“I can sit on it of course,” said Sunny. “It will be my honour and privilege to assist.”
While the others were posturing and staring at each other threateningly like a pack of territorial stray dogs, Roberto inched closer to the mysterious sack. Something had started to protrude through a ragged hole in the side of the hessian weave. With a surreptitious glance at the others, who were still glaring at each other ~ with the exception of Godfrey who was still eyeing the lone peanut ~ he took another step closer. He bent down, ostensibly to flick a bit of mud from his trouser knee, and peered at the thing poking out of the sack.
“Why, it’s a tiny furled leaf!” he gasped. “It’s sprouting!” Like a sack of old potatoes left to rot in a damp corner, forgotten and discarded, a pale shoot was striking out in search of light.
Roberto held back when Liz demanded that Finnley lead her to the attic forthwith, followed by the Inspector. Godfrey shuffled along after them, picking up the stray peanut and popping it into his mouth. As soon as the gardener heard their footsteps creaking on the first floor landing, he made his move. There was life in that sack and he was going to give it the chance to thrive, to grow and blossom.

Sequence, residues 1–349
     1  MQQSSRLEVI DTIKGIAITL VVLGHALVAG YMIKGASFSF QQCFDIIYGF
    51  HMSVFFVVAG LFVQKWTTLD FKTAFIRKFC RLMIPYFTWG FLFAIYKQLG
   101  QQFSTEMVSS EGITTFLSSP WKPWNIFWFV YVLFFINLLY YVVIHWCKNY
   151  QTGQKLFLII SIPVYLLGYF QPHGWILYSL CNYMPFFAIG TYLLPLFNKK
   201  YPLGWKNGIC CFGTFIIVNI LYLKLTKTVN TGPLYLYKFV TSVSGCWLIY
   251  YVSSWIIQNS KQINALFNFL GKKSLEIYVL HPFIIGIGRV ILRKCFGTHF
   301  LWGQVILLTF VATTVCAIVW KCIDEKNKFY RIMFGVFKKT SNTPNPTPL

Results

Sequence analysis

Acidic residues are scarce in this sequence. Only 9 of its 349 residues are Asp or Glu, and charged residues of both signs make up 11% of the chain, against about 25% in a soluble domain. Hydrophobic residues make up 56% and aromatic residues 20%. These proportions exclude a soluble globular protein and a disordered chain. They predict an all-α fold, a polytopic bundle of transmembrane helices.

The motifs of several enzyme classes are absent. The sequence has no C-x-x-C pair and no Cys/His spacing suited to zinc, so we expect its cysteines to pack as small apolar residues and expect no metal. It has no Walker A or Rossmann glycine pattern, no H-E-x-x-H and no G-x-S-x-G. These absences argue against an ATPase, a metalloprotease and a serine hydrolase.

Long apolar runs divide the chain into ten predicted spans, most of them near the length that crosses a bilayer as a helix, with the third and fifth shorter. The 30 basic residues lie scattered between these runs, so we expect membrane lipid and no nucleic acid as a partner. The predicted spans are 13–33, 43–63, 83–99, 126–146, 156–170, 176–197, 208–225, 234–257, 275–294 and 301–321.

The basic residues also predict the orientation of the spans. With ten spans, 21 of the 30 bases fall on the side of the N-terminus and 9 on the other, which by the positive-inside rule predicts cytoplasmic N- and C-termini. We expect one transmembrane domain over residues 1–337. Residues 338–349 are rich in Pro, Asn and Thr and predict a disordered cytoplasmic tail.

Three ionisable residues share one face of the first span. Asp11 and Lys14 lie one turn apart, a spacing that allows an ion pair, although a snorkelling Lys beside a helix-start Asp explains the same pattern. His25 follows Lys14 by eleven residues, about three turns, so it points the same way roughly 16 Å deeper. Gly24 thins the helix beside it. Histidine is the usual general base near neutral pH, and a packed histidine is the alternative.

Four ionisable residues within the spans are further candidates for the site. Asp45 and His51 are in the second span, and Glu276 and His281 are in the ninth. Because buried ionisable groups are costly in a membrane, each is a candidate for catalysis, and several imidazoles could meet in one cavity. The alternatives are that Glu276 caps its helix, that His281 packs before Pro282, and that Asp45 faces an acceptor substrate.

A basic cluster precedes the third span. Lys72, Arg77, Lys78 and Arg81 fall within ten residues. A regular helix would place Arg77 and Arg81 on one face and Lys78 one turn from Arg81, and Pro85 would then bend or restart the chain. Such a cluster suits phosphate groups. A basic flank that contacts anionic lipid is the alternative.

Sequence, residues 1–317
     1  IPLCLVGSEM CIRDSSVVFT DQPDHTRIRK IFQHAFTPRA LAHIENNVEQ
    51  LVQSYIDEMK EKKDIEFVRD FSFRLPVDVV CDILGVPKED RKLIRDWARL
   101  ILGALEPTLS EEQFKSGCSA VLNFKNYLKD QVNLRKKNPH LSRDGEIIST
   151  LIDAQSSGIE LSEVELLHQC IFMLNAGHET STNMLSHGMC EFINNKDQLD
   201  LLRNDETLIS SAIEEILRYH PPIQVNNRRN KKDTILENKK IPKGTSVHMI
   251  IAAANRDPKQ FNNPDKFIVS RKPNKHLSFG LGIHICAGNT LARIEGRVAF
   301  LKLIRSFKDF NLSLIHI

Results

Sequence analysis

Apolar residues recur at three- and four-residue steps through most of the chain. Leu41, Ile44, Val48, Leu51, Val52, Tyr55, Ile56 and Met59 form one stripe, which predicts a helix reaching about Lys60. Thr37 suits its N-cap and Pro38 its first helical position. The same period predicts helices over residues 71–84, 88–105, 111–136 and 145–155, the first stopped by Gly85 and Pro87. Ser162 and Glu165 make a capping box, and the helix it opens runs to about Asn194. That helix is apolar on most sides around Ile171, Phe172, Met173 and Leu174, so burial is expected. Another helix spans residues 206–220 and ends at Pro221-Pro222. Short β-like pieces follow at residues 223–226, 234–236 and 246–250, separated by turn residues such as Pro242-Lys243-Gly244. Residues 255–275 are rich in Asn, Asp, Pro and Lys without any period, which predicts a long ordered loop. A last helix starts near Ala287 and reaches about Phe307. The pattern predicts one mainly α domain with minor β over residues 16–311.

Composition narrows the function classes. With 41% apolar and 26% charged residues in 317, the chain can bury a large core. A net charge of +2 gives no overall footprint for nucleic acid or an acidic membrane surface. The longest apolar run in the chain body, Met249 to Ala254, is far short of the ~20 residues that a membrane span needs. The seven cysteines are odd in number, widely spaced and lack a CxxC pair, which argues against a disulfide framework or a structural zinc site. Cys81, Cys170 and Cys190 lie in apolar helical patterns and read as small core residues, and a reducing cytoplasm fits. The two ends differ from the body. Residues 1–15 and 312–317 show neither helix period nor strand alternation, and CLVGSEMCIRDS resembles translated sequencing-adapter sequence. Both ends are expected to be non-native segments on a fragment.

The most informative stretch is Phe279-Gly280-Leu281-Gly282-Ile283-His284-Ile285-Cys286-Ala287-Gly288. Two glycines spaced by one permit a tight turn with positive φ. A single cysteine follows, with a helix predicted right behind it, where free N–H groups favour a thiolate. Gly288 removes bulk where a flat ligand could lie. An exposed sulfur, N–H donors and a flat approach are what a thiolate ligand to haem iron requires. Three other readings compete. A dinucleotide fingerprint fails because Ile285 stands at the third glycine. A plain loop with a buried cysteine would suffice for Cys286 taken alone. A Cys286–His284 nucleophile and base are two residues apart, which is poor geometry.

He knew just where to plant it. It would take some time to reach that place, but he knew what he must do.
Roberto set off for The Enchanted Woods, with a determined smile and a spring in his step. He was going to save the characters and grow them himself, nurture them all back to life.
Gibbon was peeling a red apple at the end of their impromptu lunch. He handed a thin slice to Fox who took it and chewed it carefully. It was sweet and juicy, prompting him to want more.
They had returned to Fox’s hut outside the city wall. It had not the comfort that plumbing and central heating could bring, but its four walls were enough to protect them from the chilly air outside and give them a sense of proximity. Humans like to be in human sized boxes, thought Fox. They lived in boxes they called houses; they went to work in other boxes they called bank, or smithery, or medical centre —even their outdoor markets were full of virtual boxes called booth or stand; then they had fun in another kind of boxes they called Inn, or Night Club, or brothel (depending on the persona).
“You’re thinking again,” said Gibbon without raising his eyes from his apple. He handed another slice to Fox who was impressed and annoyed by how his master could read him so easily. Maybe it was luck or real power. Gibbon never told about how he did all that he did. He only said: “I’m not sure that would help you quiet your thoughts.” And that was the end of the subject.
Fox took the slice and came back to his conscientious mastication. It was the rule, he had learned, with Gibbon. You don’t talk when you eat. You don’t think when you eat. You just eat, and breath when you are not swallowing. Fox felt like he was back into the Southern forest where Gibbon had found him, the lone survivor of a litter of five. His mother had been killed, and already four of his siblings were dead. Gibbon, who was already old at that time, took him in and taught him the wisdom of breathing innate among his kind. Fox then did as he was taught, focus his attention on his actions, and particularly on his breathing at all time. It helped him focus and calm down his heart.